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Kane v. Bayview Loan Servicing, LLC

United States District Court, D. Maryland, Southern Division

September 10, 2018

MICHELLE R. KANE, Plaintiff,
v.
BAYVIEW LOAN SERVICING, LLC., et al. Defendants.

          MEMORANDUM OPINION

          GEORGE J. HAZEL UNITED STATES DISTRICT JUDGE.

         Plaintiff Michelle R. Kane brings this pro se action against Defendants Bayview Loan Servicing, LLC (“Bayview”), U.S. Bank National Association, as Trustee for Bayview Opportunity Master Fund IIIA REMIC Trust 2014-21NPL1 (“U.S. Bank”), and BWW Law Group, LLC (“BWW”) (collectively, “Defendants”)[1] under various federal and state consumer protection laws following Defendants' attempt to collect a mortgage loan debt and foreclose upon Plaintiff's residence. Now pending before the Court are Defendants' Motions to Dismiss. ECF Nos. 5 (BWW); 6 (Bayview/U.S. Bank). No. hearing is necessary. Loc. R. 105.6 (D. Md. 2016). For the following reasons, Defendants' Motions are granted.

         I. BACKGROUND[2]

         On January 17, 2008, Plaintiff executed a refinance mortgage loan with M-Point Mortgage Services, LLC, with an original principal amount due of $239, 540 (the “Loan”). The Loan and associated promissory note (the “Note”), were secured by a Refinance Deed of Trust (“Deed of Trust”) against Plaintiff's real property located at 1009 Carrington Avenue, Capitol Heights, Maryland 20743 (the “Property”). ECF No. 6-3; 6-4. Thereafter, the Note and Deed of Trust were transferred and assigned to BAC Home Loans Servicing LP and then Bank of America, N.A., ECF Nos. 6-5; 6-6. On March 24, 2014, the Note and Deed of Trust were assigned to the Secretary of Housing and Urban Development (“HUD”), with Bayview designated as the Loan servicer. ECF No. 6-7; ECF No. 1-2 (notice to Plaintiff stating that Bank of America is transferring the servicing of the Loan to Bayview). On July 1, 2014, the Note and Deed of Trust were assigned to Bayview. ECF Nos. 6-8; 6-3. It appears that the Note was “securitized” pursuant to a pooling and servicing agreement between HUD and Bayview, though Plaintiff disputes the validity of this agreement. See ECF No. 1 ¶ 34; see also ECF No. 1-6 (Plaintiff indicating that Bayview purchased pools of mortgages in default from HUD for “pennies on the dollar”). Thereafter, Bayview, as servicer of the Loan, informed Plaintiff that U.S. Bank was the associated creditor. See, e.g., ECF No. 1-4 (Bayview informing Plaintiff that the Loan was transferred to a new creditor, U.S. Bank); see also ECF No. 6-9 (Appointment of Substitute Trustees listing U.S. Bank as the holder of the Note and Deed of Trust).

         On June 25, 2014, Bayview sent Plaintiff a Notice of Default and Intent to Accelerate, asserting that Plaintiff defaulted on her loan on August 1, 2011. ECF No. 1-10. On July 26, 2016, Plaintiff received a letter from BWW, informing her that BWW had been retained to provide legal services in connection with enforcement of the Deed of Trust. ECF No. 1-19. On November 1, 2016, Substitute Trustees assigned by U.S. Bank filed an Order to Docket a Foreclosure in the Circuit Court for Prince George's County, Maryland, No. CAEF16-40119 (“Foreclosure Action”).[3] On March 9, 2017, the circuit court denied Plaintiff's motion to stay and dismiss the Foreclosure Action. ECF No. 6-13. Plaintiff then attempted to remove the Foreclosure Action to this Court, but the action was remanded back to the circuit court. See Ward v. Kane, No. GJH-17-0553, 2017 WL 1483343 (D. Md. Apr. 21, 2017). Thereafter, Plaintiff filed Exceptions to Sale pursuant to Maryland Rule 14-305 challenging U.S. Bank's standing to foreclose and sought to have the March 7, 2017 foreclosure sale declared void. ECF No. 6-14. On November 22, 2017, the circuit court ordered the Foreclosure Action to continue in due course, finding that Plaintiff's Exceptions did not “identify any legitimate procedural irregularity regarding the [prior] foreclosure sale.” ECF No. 6-16. Plaintiff then filed the instant suit against Defendants, asking the Court to “void the illegal foreclosure, sale, ratification, and eviction” and award damages in the amount of $20 million pursuant to the following federal and state consumer protection laws: Count I - Fair Debt Collection Practices Act (“FDCPA”); Count II - Maryland Consumer Debt Collection Act (“MCDCA”); and Count III - Real Estate Settlement Procedures Act (“RESPA”). See ECF No. 1 ¶¶ 10, 115.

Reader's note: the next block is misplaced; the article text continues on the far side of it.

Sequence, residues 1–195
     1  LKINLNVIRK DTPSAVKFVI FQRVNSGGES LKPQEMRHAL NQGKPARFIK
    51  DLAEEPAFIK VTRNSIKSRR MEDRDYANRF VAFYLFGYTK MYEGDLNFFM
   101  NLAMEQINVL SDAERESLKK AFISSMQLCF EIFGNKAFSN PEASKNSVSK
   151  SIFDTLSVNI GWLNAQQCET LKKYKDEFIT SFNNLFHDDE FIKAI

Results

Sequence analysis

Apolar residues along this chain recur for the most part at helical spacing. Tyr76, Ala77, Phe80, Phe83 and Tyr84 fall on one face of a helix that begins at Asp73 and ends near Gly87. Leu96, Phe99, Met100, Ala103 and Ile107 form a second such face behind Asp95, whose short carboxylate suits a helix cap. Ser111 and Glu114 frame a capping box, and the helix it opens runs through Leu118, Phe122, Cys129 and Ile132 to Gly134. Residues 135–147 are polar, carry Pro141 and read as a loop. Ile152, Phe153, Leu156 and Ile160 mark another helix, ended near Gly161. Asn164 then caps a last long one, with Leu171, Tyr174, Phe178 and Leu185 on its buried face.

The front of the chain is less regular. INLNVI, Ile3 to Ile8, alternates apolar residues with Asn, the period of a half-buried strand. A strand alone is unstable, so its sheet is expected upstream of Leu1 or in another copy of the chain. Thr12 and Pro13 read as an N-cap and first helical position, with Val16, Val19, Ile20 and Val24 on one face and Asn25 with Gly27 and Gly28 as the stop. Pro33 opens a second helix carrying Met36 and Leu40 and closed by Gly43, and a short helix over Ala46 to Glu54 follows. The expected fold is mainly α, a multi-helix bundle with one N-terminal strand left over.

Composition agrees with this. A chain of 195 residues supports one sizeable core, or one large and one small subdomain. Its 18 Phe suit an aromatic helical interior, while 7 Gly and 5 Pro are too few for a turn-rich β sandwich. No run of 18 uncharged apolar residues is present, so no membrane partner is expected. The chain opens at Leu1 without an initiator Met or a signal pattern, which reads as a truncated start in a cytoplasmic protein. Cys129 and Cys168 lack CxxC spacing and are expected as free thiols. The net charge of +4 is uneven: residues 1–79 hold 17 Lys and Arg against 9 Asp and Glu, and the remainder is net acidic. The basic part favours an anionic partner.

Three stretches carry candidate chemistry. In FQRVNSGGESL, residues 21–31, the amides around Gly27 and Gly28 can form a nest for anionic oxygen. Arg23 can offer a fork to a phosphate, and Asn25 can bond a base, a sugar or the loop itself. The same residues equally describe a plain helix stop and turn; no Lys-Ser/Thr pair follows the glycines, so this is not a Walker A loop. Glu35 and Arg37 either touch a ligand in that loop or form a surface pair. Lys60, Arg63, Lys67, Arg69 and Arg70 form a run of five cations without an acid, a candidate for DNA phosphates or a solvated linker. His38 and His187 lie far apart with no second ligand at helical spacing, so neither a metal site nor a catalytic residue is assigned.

II. STANDARD OF REVIEW

         A “document filed pro se is to be liberally construed, and a pro se complaint, however inartfully pleaded, must be held to less stringent standards than formal pleadings drafted by lawyers.” See Linlor v. Polson, 263 F.Supp.3d 613, 618-19 (E.D. Va. 2017) (citing Erickson v. Pardus, 551 U.S. 89, 94 (2007)) (internal quotations omitted). However, the Court may not ignore a clear failure in the pleading to allege facts that set forth a cognizable claim. See Weller v. Dep't of Soc. Servs., 901 F.2d 387, 390-91 (4th Cir. 1990). The Court may not act as the pro se plaintiff's advocate and develop claims that she failed to clearly raise. Gordon v. Leeke, 574 F.2d 1147, 1151 (4th Cir. 1978). Therefore, to overcome a Rule 12(b)(6) motion, a pro se complaint must still allege enough facts to state a plausible claim for relief. Ashcroft v. Iqbal, 556 U.S. 662, 678 (2009).